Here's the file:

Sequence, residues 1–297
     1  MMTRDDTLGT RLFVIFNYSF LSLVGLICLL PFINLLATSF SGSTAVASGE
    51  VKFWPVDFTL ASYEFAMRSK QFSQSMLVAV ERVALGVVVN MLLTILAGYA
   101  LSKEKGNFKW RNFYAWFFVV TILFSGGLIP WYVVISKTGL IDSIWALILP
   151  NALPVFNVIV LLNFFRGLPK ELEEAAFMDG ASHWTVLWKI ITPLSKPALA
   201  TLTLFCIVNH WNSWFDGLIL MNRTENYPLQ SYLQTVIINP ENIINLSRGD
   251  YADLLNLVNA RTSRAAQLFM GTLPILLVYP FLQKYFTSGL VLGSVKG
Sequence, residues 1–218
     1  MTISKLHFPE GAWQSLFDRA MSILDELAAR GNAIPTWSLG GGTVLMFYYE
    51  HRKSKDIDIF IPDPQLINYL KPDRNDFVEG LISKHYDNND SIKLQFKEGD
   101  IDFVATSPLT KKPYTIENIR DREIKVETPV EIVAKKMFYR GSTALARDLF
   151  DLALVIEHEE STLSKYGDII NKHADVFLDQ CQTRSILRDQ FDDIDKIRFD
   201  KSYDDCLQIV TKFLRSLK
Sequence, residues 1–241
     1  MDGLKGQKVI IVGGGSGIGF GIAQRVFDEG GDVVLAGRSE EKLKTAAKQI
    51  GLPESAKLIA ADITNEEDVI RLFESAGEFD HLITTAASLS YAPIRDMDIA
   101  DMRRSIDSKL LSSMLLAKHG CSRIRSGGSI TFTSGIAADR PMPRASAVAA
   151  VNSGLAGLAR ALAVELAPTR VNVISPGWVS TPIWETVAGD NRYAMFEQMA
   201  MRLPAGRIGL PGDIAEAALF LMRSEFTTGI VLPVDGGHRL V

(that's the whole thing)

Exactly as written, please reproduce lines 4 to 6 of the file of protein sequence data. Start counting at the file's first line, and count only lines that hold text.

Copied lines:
   101  LSKEKGNFKW RNFYAWFFVV TILFSGGLIP WYVVISKTGL IDSIWALILP
   151  NALPVFNVIV LLNFFRGLPK ELEEAAFMDG ASHWTVLWKI ITPLSKPALA
   201  TLTLFCIVNH WNSWFDGLIL MNRTENYPLQ SYLQTVIINP ENIINLSRGD